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International expansion is a core part of Go-to-Market fit, and one of the primary growth drivers for scale-up stage software businesses.

Differences in approach between US- and European companies 

For SaaS businesses born in Europe, internationalising is generally considered sooner than US businesses, who have historically been able to get to scale domestically for longer. The average European scale-up generates 40% of its total revenue from foreign markets  according to the European Scale-Up Report; a higher proportion than equivalent US-domiciled scale-ups. A study from Balderton found that SaaS companies opened their first international office after 4.1 years, over 20% quicker than US companies at 5.3 years.
Interestingly, several reports now state that a booming European scale-up market has meant businesses are heading to the US later than they used to. For example, a report from Index Ventures found that the proportion of businesses moving to the US before their Series A round fell from 2/3 prior to 2014, to just 1/3 since then.
The US continues to have a strong pull for founders of European software businesses (particularly enterprise software businesses, where the US is a critical end-market) but many are also emphasising the importance of growing well in Europe first.

“[Growing in Europe] will enable you to see nuances and learnings, and be able to raise the capital required to go after the US. You will see 10x the competition in the States, and you have to be ready for that.”



There are a few traditional European expansion strategies we cover, with some of their drawbacks, as well as some general recommendations and common pitfalls to avoid.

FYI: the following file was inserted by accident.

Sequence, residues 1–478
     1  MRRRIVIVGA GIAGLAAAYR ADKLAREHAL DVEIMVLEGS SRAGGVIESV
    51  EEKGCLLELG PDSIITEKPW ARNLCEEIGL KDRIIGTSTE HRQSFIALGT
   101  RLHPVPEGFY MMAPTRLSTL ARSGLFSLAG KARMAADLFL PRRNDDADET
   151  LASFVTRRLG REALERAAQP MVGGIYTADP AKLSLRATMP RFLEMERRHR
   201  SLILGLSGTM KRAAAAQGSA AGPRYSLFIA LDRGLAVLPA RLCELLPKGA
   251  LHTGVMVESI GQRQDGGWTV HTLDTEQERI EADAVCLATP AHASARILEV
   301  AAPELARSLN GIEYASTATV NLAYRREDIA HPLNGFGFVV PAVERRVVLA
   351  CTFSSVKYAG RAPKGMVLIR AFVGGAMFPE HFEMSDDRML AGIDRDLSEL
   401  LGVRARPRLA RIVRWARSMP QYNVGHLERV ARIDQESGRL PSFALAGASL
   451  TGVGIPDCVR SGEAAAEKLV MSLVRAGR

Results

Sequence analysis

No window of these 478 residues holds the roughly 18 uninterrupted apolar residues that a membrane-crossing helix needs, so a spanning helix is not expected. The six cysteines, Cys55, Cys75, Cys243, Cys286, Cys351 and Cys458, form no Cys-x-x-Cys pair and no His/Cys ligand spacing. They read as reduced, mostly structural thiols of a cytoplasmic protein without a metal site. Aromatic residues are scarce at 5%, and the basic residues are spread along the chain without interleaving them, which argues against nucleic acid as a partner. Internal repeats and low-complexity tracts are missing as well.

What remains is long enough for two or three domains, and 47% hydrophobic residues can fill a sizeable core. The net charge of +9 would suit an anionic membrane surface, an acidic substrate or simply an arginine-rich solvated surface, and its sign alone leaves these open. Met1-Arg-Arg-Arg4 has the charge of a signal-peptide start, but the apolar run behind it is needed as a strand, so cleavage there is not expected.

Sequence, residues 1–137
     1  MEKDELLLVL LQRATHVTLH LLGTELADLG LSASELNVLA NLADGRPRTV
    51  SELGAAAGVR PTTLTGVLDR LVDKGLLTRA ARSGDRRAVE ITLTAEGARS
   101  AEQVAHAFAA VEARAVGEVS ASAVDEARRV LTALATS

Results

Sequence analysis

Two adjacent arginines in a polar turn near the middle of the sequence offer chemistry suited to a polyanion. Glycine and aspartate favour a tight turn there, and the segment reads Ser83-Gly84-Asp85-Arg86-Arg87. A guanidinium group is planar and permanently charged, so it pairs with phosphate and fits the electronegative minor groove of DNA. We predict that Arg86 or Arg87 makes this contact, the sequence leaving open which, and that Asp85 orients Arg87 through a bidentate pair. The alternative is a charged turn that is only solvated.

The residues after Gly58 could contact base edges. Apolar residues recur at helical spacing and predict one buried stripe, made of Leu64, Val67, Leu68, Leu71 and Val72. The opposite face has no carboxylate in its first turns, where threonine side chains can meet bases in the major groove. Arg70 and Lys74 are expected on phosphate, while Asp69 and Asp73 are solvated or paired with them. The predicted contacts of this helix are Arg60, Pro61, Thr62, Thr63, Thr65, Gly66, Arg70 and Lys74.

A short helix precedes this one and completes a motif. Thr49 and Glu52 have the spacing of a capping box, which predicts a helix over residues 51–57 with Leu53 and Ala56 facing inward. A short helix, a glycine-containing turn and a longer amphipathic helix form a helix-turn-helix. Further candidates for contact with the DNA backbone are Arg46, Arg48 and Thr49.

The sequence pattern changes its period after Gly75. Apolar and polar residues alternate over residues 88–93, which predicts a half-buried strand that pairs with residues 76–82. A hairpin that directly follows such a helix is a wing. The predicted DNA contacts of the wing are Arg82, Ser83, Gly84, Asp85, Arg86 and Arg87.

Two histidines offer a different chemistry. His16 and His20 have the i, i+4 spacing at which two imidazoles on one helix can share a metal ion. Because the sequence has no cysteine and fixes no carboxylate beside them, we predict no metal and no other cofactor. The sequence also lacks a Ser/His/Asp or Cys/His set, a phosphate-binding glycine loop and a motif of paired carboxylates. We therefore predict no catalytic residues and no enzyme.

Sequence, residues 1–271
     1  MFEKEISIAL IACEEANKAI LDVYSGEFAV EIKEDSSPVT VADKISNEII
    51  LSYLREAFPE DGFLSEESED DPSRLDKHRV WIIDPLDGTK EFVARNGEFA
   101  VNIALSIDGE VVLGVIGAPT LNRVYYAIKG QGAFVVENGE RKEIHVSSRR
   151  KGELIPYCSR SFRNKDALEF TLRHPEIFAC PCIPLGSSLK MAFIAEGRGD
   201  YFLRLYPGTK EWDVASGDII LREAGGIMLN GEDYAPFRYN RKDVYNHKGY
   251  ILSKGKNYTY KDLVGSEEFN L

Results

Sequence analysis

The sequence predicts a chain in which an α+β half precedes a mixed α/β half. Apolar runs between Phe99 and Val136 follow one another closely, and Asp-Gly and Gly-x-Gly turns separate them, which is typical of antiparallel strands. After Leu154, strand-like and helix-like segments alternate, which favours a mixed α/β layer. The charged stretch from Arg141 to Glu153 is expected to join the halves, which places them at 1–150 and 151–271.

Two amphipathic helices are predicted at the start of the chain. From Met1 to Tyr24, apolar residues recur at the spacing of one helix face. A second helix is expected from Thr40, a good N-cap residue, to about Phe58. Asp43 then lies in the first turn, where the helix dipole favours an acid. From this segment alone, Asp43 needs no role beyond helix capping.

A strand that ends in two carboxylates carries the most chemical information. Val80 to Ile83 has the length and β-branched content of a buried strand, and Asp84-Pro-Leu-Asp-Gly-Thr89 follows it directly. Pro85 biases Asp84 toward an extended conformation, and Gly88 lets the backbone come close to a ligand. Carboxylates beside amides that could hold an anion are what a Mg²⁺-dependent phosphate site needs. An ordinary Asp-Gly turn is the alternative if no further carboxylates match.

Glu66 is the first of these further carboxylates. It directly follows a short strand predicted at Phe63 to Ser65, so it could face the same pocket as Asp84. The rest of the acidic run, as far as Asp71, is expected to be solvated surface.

There are 5 general approaches to internationalising from a European base


The foundations for a successful expansion

If you are planning an international expansion, make sure your company has the foundations in place. Product-wise, it needs to be ready for localisation to a new market. Operationally, there need to be documented practices that can be transferred to the new entity. The company culture needs to be internationally friendly. In terms of metrics and KPIs, set up proper GTM KPIs and dashboards to keep track of progress. Finally, make sure to have key competencies across departments such as HR, compliance, and to deal with aspects such as tax, currency and payments, on a local level. 


We believe that where the target for the expansion is a major geography, such as the US, it’s generally important for a founder-level employee to move to the target region. This will help move the company culture across – this is one of the most critical and challenging aspects of international expansion. Also, before packing up and sticking a flag in a new market, make sure you have spent enough time planning the operational aspect of setting up a new market. This takes longer than you think. 


Common pitfalls:

  • Mis-timing first international GTM leads

  • Hiring the wrong level of local territory leads 

  • Failing to transfer company culture effectively

  • Opportunistically selling to territories with strong inbound

  • Insufficient legal/operational preparation

There are many VC playbooks and articles with a huge amount of specific advice on international expansion. Some of our favourites include:


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